With all signs pointing to the NBA resuming its season, the questions of how and where this will happen are being considered as we speak. The where appears all but decided, with Walt Disney World in Orlando the favorite to serve as a single-site host. As for the how part of the equation, which is to say how many teams will ultimately descend upon Orlando and what kind of format will the playoffs take on, that's more complicated. 

It could be a traditional 16-team, two-conference format with seven-game series for all rounds, though reports have suggested for some time that commissioner Adam Silver, if he had his druthers, would favor using this situation experiment with changes to the playoff format that have been previously discussed. There could be a play-in tournament for the final seed, or final two seeds, in each conference. A straight 1-16 seeding, without regard for conference affiliation, is in play. 

And then there's the soccer approach, with a pool-play, World Cup-style format having been presented as an option to league GMs, per ESPN's Adrian Wojnarowski and Zach Lowe. 

From ESPN:

The league's GM survey included a pool play option featuring somewhere between the 16 current playoff teams and the full body of 30 NBA teams, sources said. Teams would be divided into a certain number of groups and face each member of their group the same amount of times. (The total number of pool games has not yet been specified.) All of these would likely be branded as playoff games.

Based on the final standings within each group, eight teams would advance out of pool play into a bracket meant to mimic the league's normal postseason structure, sources told ESPN's Zach Lowe.

If I may speak freely, this sounds freaking awesome. The Ringer laid out what a 20-team group-stage format might look like, with five separate four-team groups broken out by tiers according to regular-season record, and each team guaranteed eight games (two games vs. each opponent) within their group. 

From there, the two teams with the best records from each group advance. Tiebreakers would have to be determined, and the idea of allowing the four top-tier teams (Bucks, Lakers, Clippers and Raptors) to hold a draft to select their opponents group-stage opponents, has been discussed, per The Ringer. 

Under the circumstances, affording the best regular-season teams the advantage of choosing their initial playoff opponents serves as a reward for their work to this point in the season, as a home-court advantage is now a moot point. This also guards against one top-tier team randomly drawing what is known in soccer as a "group of death" -- an inordinately stacked set of teams that makes the path out of that group far more treacherous. 

As a side benefit, the actual drafting of the groups would be appointment television. Tuning in to see who the Lakers, for instance, would choose to play with a championship on the line, and the disrespect the opponent would then feel as an extension of that selection would make the All-Star draft look like a bunch of kids choosing dodgeball teams at recess.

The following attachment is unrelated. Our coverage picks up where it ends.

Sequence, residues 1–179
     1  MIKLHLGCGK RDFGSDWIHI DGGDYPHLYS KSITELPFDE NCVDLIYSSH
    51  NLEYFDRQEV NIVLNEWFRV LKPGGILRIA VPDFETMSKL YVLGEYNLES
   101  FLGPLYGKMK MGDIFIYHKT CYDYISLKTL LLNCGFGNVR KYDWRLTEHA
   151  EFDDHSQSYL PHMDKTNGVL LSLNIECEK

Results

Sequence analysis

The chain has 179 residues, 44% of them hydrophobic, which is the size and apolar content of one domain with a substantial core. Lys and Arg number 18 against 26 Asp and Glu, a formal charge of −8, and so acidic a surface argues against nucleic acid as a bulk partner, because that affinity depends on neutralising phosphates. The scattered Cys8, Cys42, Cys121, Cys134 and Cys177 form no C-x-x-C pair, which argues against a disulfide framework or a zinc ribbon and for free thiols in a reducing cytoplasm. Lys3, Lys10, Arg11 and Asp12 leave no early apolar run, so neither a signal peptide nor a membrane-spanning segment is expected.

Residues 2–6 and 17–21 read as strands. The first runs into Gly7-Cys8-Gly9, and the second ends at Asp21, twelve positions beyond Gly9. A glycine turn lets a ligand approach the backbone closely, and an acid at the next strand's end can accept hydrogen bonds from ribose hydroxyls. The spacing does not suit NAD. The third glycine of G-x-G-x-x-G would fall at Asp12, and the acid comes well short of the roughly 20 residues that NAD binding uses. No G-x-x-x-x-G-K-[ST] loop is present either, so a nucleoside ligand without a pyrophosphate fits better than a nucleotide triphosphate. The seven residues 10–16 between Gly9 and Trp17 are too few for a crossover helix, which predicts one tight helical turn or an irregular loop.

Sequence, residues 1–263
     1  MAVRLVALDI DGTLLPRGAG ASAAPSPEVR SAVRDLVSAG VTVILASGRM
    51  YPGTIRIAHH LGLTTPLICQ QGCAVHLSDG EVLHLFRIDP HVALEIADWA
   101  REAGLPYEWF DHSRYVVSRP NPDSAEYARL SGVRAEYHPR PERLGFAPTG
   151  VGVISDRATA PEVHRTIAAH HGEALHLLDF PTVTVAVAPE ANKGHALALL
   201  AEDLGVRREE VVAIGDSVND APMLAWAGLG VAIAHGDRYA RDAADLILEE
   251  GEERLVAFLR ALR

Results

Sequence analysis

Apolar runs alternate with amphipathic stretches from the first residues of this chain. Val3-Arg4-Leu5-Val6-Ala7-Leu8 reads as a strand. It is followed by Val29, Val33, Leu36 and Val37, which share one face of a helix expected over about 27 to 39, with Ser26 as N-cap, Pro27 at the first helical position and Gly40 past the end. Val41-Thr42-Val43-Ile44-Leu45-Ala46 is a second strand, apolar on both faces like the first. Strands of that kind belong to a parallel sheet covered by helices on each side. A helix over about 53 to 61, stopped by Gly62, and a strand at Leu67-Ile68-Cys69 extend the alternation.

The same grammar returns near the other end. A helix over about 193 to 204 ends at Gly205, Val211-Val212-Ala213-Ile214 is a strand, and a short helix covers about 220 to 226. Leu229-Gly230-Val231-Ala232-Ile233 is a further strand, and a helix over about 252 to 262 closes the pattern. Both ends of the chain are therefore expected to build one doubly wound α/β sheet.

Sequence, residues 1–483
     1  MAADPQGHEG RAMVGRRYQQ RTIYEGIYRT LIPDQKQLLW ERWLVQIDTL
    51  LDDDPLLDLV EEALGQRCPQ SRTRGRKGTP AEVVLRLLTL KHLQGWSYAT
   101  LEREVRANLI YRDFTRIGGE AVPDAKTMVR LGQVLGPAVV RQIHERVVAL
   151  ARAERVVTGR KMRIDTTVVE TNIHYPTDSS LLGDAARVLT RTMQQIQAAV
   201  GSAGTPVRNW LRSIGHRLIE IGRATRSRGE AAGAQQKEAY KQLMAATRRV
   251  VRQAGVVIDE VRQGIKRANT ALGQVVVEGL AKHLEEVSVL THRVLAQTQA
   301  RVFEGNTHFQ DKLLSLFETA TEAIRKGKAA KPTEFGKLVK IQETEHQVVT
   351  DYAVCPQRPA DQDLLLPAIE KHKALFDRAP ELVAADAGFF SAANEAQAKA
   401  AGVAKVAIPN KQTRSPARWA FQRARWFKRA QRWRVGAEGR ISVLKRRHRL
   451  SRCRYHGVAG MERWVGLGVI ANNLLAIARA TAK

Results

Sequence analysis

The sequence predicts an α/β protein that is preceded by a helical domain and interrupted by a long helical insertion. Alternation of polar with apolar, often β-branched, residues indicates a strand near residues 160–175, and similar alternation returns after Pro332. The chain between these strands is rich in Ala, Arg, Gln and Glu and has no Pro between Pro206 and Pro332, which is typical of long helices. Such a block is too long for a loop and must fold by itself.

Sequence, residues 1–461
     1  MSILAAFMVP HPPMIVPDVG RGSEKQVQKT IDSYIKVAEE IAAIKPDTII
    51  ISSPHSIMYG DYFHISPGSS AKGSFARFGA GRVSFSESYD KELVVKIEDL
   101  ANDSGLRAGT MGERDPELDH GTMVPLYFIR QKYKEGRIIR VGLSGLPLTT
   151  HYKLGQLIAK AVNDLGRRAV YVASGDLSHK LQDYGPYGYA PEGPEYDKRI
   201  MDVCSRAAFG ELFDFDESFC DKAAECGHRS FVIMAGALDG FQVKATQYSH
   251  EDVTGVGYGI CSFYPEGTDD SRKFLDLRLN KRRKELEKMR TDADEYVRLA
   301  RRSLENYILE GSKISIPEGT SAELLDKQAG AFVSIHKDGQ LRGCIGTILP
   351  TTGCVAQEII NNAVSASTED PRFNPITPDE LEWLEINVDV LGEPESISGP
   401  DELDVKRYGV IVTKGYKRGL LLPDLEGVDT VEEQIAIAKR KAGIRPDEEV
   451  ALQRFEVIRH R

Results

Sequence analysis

And that's really the point of all this. Yes, the players want to play and there is a championship to be decided, but mostly there is money to be made. Or, more accurately, money to be made up

The NBA, like just about every other business in the country, is in a financial nosedive, and while hoards of entertainment-starved people are likely going to watch whatever product the NBA puts on TV, the more compelling the drama the better it will be for the league's bottom line. Imagine getting your first taste of NBA basketball in more than three months, and right away you're thrown into a group-stage format where every single game is, effectively, a must-win because it only takes a couple of losses for a higher-seeded team to potentially get bounced. That's drama. 

Now imagine coming back after all this time to a Bucks-Magic seven-game series. Is it really a contest?

A group-stage format also allows for current non-playoff teams -- in a traditional format -- to get a ticket to the dance. That would include Damian Lillard and the Blazers, who would be fully healthy with Jusuf Nurkic and Zach Collins likely back in the lineup, and  the Pelicans with Zion Williamson and company. 

It's not so much the actual upsets that makes the NCAA Tournament such must-watch TV; it's the threat of the upset. Even if the truly mind-blowing upsets only happen once in a while, they do happen. You have to watch. The Bucks are not losing a first-round seven-game series to the Magic, but they could lay a couple of eggs in a group-stage format and be out of luck very quickly. As a fan, you could be in line for some 80 games over a couple of weeks of action, all of them with an effective Game 7 feel. 

Is that the most equitable format to reward the best teams? No. Is it the most entertaining option? I would argue yes. And given the current predicament, you could understand the NBA wanting to lean toward the entertainment side of the equation. Whether owners would agree, well, that's another conversation with a whole other set of layers. But we're getting to a point where no idea is going to be perfect, and we have to settle on one. This, to me, feels like the best one I've heard.